US20120163164A1 - Method and system for remote load balancing in high-availability networks - Google Patents

Method and system for remote load balancing in high-availability networks Download PDF

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US20120163164A1
US20120163164A1 US13/092,873 US201113092873A US2012163164A1 US 20120163164 A1 US20120163164 A1 US 20120163164A1 US 201113092873 A US201113092873 A US 201113092873A US 2012163164 A1 US2012163164 A1 US 2012163164A1
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data
rbridge
system
respective
load balancing
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John Michael Terry
Mandar Joshi
Phanidhar Koganti
Shunjia Yu
Anoop Ghanwani
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Avago Technologies International Sales Pte Ltd
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Brocade Communications Systems LLC
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    • HELECTRICITY
    • H04ELECTRIC COMMUNICATION TECHNIQUE
    • H04LTRANSMISSION OF DIGITAL INFORMATION, e.g. TELEGRAPHIC COMMUNICATION
    • H04L45/00Routing or path finding of packets in data switching networks
    • H04L45/24Multipath
    • HELECTRICITY
    • H04ELECTRIC COMMUNICATION TECHNIQUE
    • H04LTRANSMISSION OF DIGITAL INFORMATION, e.g. TELEGRAPHIC COMMUNICATION
    • H04L45/00Routing or path finding of packets in data switching networks
    • H04L45/66Layer 2 routing, e.g. in Ethernet based MAN's
    • HELECTRICITY
    • H04ELECTRIC COMMUNICATION TECHNIQUE
    • H04LTRANSMISSION OF DIGITAL INFORMATION, e.g. TELEGRAPHIC COMMUNICATION
    • H04L47/00Traffic regulation in packet switching networks
    • H04L47/10Flow control or congestion control
    • H04L47/12Congestion avoidance or recovery
    • H04L47/125Load balancing, e.g. traffic engineering

Abstract

A system is provided for facilitating remote load balancing in a high-availability network. During operation, the system receives a plurality of data frames destined for a destination device, wherein the destination device is coupled to a network via a trunk link, the trunk link coupling the destination device to at least two separate egress switching devices. The system then forwards the data frames via at least two data paths, each of which leads to a respective egress switching device.

Description

    RELATED APPLICATIONS
  • This application claims the benefit of U.S. Provisional Application No. 61/427,437, Attorney Docket Number BRCD-3056.0.1.US.PSP, entitled “Method and System for Remote Load Balancing in High-Availability Networks,” by inventors John Michael Terry, Mandar Joshi, Phanidhar Koganti, and Shunjia Yu, and Anoop Ghanwani, filed 27 Dec. 2010, the disclosure of which is incorporated by reference herein.
  • The present disclosure is related to U.S. patent application Ser. No. 12/725,249, (attorney docket number BRCD-112-0439US), entitled “REDUNDANT HOST CONNECTION IN A ROUTED NETWORK,” by inventors Somesh Gupta, Anoop Ghanwani, Phanidhar Koganti, and Shunjia Yu, filed 16 Mar. 2010; and
  • U.S. patent application Ser. No. 13/087,239, (attorney docket number BRCD-3008.1.US.NP), entitled “VIRTUAL CLUSTER SWITCHING,” by inventors Suresh Vobbilisetty and Dilip Chatwani, filed 14 Apr. 2011;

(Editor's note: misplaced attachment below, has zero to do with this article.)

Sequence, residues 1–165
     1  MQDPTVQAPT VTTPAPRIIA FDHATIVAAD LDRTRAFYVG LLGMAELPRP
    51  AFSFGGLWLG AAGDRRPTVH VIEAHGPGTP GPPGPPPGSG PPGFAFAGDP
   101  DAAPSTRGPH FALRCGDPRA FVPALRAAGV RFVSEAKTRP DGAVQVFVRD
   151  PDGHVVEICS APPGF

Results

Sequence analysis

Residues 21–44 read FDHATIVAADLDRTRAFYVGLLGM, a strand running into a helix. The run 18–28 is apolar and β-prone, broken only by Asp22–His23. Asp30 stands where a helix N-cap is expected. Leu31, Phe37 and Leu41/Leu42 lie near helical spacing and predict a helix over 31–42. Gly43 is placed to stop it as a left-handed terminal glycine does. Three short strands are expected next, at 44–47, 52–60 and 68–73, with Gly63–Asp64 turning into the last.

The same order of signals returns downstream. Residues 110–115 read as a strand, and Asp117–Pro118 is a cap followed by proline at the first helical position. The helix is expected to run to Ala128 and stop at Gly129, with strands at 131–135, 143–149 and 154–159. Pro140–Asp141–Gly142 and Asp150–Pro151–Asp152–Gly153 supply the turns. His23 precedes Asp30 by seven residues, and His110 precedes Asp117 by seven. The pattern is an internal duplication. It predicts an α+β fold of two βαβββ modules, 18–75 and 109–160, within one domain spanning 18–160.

• the disclosures of which are incorporated by reference herein.
  • BACKGROUND
  • 1. Field
  • The present disclosure relates to network management. More specifically, the present disclosure relates to a method and system for remote load balancing in high-availability networks.
  • 2. Related Art
  • Currently, end stations in layer-2 networks have not been able to take advantage of the routing functionalities available in such networks. End stations can typically only operate as leaf nodes and are often constrained to an interface with only one of the routing nodes. Even when an end station is interfaced with two or more routing nodes, other routing nodes in the network can send data to that end station only via one routing node to which the end station is connected.
  • Meanwhile, layer-2 networking technologies continue to evolve. More routing functionalities, which have traditionally been the characteristics of layer-3 (e.g., IP) networks, are migrating to layer-2. Notably, the recent development of the Transparent Interconnection of Lots of Links (TRILL) protocol allows Ethernet switches to function more like routing nodes. TRILL overcomes the inherent inefficiency of the conventional spanning tree protocol, which forces layer-2 switches to be coupled in a logical spanning-tree topology to avoid looping. TRILL allows routing bridges (RBridges) to be coupled in an arbitrary topology without the risk of looping by implementing routing functions in switches and including a hop count in the TRILL header.
  • However, there is currently no support of remote load balancing on data paths leading to a destination device coupled to at least two separate egress switching devices in a TRILL network.
  • SUMMARY
  • One embodiment of the present invention provides a system for facilitating remote load balancing in a high-availability network. During operation, the system receives a plurality of data frames destined for a destination device, wherein the destination device is coupled to a network via a trunk link, the trunk link coupling the destination device to at least two separate egress switching devices. The system then forwards the data frames via at least two data paths, each of which leads to a respective egress switching device.
  • In a variation on this embodiment, the system forwards a data frame via a respective data path by placing a respective egress switching device's identifier in the header of the frame.
  • In a variation on this embodiment, the switching devices are routing bridges capable of routing data frames without requiring the network topology to be a spanning tree topology.
  • In a variation on this embodiment, the trunk link is associated with a virtual identifier.
  • In a further variation, the virtual identifier is a virtual routing bridge identifier based on the TRILL protocol.